Practical Equipment Ltd 

Practical Equipment Ltd (Pel) was set up as a subsidiary company of Tube Investments, who were looking for new applications of their tubing. TI had already acquired Accles & Pollock, and they maintained a close relationship in the early years, sharing their expertise.

They were particularly known for the production of stacking chairs, familiar to Britons in schools, hospitals, church halls and businesses. Their most popular was constructed of a tubular bent steel frame, painted in various colours with a plywood seat and backrest pot riveted onto the frame. Their earliest design was of tubular steel and canvas seat and back rest, designed in 1931. The canvas seat made the chair fairly light and easy to move and stack.

At the outset, their furniture made inroads to more upmarket clients. Pel furniture was being sold by Harrods and Heals in the capital. They also supplied BBC Broadcasting House, the Wells Coates’ luxury flat development at Brighton and the De La Warr Pavilion at Bexill-on-Sea, and hotels such as the Savoy and Claridge’s in London and the Metropole in Brighton.

As the posh market petered out with competition from furniture from Finland, Pel moved into the more functional market of the mass-produced stacking chairs. the functionalist practicality of their mass-produced stacking chairs. During World War Two, they supplied the Ministry of Defence and the Admiralty with canvas stacking chairs, and their range expanded to include office furniture and interiors for ships and railway carriages.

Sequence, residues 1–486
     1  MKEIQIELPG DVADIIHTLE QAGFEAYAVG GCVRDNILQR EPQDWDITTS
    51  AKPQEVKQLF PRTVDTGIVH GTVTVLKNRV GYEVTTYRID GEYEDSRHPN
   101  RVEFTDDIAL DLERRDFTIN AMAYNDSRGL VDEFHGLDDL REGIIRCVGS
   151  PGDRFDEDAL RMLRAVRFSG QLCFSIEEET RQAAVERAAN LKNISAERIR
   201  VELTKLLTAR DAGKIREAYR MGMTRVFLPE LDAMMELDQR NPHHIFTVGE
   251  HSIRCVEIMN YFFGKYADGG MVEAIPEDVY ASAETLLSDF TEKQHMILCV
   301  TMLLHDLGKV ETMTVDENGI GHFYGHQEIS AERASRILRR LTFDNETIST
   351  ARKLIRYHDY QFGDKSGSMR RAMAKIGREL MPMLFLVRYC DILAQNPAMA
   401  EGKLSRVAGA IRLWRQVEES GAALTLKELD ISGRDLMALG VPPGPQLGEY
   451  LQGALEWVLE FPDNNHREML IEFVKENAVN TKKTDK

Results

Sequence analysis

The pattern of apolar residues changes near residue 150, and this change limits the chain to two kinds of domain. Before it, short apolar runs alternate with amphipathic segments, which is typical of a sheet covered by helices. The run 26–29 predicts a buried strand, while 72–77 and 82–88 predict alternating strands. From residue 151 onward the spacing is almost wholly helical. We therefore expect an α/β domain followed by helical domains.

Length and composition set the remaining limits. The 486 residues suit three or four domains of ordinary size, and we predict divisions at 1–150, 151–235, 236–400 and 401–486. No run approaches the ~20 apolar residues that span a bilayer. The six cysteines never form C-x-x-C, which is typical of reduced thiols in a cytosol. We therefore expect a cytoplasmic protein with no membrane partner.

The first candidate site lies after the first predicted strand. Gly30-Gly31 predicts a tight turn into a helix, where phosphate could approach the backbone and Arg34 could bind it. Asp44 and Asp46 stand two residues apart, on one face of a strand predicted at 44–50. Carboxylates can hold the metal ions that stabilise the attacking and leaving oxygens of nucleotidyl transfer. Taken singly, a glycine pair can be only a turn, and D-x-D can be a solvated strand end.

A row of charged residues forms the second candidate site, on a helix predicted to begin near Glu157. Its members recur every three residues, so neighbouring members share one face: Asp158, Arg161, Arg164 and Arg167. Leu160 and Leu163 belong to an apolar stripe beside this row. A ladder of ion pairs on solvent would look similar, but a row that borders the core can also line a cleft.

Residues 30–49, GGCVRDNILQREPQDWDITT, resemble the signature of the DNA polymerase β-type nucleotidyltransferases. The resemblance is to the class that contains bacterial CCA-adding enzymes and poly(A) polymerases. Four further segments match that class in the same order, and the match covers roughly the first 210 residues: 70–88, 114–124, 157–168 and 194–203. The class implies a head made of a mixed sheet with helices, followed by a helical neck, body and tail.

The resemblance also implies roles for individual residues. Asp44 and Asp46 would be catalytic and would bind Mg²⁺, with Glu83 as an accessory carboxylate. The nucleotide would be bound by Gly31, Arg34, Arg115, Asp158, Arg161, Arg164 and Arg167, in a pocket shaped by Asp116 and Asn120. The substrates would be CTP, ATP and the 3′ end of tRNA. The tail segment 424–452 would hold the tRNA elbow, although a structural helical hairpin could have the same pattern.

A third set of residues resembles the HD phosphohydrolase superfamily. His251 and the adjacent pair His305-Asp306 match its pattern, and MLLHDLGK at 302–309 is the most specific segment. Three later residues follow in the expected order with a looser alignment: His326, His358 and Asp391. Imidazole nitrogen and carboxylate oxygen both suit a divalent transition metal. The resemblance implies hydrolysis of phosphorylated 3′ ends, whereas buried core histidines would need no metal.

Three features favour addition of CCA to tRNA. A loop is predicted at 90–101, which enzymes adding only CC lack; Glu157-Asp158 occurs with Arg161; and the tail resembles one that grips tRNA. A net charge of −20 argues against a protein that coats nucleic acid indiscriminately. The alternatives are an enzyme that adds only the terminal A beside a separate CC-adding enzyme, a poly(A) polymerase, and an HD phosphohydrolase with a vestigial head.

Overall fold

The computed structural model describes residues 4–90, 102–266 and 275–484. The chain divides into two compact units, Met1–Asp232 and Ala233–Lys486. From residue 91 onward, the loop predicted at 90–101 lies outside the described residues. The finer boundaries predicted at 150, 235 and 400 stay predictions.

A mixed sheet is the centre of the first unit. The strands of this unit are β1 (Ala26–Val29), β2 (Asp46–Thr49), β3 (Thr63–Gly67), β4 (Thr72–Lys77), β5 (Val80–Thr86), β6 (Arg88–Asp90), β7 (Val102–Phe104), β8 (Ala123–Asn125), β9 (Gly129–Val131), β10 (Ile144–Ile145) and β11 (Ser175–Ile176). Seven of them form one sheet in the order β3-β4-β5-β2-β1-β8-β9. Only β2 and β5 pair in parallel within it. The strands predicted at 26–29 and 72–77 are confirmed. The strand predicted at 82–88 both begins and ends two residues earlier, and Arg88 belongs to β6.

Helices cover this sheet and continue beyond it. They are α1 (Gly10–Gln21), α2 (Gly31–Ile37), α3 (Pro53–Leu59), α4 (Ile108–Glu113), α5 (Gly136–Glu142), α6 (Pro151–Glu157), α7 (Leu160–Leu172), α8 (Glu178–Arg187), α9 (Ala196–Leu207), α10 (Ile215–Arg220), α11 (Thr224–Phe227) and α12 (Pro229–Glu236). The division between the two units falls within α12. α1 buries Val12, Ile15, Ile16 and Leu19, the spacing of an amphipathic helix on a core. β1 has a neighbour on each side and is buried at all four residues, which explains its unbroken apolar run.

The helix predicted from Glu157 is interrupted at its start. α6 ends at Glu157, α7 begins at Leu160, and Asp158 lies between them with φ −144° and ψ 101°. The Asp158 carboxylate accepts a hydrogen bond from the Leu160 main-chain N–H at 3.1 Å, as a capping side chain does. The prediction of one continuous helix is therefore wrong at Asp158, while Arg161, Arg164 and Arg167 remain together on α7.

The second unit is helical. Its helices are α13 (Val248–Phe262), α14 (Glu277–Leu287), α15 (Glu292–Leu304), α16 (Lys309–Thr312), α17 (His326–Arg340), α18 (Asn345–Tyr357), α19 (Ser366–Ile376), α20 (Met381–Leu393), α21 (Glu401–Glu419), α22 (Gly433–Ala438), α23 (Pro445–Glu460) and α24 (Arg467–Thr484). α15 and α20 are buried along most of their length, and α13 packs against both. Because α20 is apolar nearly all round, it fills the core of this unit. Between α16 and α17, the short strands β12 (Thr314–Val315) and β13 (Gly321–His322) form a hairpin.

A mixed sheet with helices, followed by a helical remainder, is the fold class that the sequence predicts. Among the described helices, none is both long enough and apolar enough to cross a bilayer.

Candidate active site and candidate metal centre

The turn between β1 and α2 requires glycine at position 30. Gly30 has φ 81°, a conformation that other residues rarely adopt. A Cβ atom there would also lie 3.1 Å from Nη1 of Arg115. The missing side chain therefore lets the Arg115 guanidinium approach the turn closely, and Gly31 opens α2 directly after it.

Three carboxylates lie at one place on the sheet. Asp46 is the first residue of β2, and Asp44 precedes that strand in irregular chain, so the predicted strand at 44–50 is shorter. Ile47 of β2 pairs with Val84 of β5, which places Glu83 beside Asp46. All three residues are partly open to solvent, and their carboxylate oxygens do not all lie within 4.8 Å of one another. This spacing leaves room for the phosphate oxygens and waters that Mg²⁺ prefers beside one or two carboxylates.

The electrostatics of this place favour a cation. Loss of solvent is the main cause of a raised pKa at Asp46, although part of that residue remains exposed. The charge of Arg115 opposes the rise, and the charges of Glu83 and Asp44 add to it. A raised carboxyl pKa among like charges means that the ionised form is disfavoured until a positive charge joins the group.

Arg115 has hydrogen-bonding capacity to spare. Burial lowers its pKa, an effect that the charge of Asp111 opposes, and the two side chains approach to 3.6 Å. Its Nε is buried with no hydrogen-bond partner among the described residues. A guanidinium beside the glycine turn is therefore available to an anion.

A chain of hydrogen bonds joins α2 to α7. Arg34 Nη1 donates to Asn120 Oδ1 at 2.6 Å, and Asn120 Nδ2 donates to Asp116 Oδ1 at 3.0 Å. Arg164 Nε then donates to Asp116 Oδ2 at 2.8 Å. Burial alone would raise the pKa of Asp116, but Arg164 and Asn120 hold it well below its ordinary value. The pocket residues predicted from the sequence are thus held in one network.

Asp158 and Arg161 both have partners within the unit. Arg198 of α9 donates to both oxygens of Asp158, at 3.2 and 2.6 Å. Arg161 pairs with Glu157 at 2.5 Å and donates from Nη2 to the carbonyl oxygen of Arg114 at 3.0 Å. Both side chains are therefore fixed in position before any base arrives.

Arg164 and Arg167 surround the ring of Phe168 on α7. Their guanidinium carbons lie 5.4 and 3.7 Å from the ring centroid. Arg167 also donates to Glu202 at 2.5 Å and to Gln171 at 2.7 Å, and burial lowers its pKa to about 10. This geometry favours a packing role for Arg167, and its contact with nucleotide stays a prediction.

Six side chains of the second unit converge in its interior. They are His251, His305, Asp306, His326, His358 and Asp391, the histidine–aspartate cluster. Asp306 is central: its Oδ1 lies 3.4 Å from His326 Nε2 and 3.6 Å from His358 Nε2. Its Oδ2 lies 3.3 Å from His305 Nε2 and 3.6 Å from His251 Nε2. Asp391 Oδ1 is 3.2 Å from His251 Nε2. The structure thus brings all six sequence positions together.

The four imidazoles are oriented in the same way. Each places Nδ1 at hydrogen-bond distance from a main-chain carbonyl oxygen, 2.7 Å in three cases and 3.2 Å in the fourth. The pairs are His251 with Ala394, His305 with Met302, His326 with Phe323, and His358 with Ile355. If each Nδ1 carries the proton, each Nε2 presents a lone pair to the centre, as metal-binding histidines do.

A new type of circular saw guard is tried out in Pel carpenters’ workshop. The spring-loaded ends keep the blade entirely covered.

In 1947, at the British Industries Fair at Olympia and Earls Court, they were promoting these products: ‘Tubular Steel Desks, Chairs and Tables for Offices and Waiting Rooms. ‘Pel’ Tubular Steel Nesting Chairs and Tables for Canteens and similar purposes.’

As with much of British industry, the years post 1945 proved difficult, as local manufacturing adjusted from their war-time production. Apart from the shortage of raw materials (steel, softwoods, plywood, jute), the banning of non-ferous metals in the form of brass, zinc, copper in the production of furniture, and restrictions on the use of nickel and nickel anodes in the plating of furniture affected the business. There were less restrictions placed on production for export, and Pel had orders from customers such as New Zealand State Railways to see them through some difficult years.

The site of the factory is remembered by a street named Pel Crescent. Much of the site is today taken by a modern industrial trading estate, Samsons.

You can find more on the styles of Pel at:
https://modernisttourists.com/2017/01/18/pel-britains-modern-furniture-manufacturer-1931/

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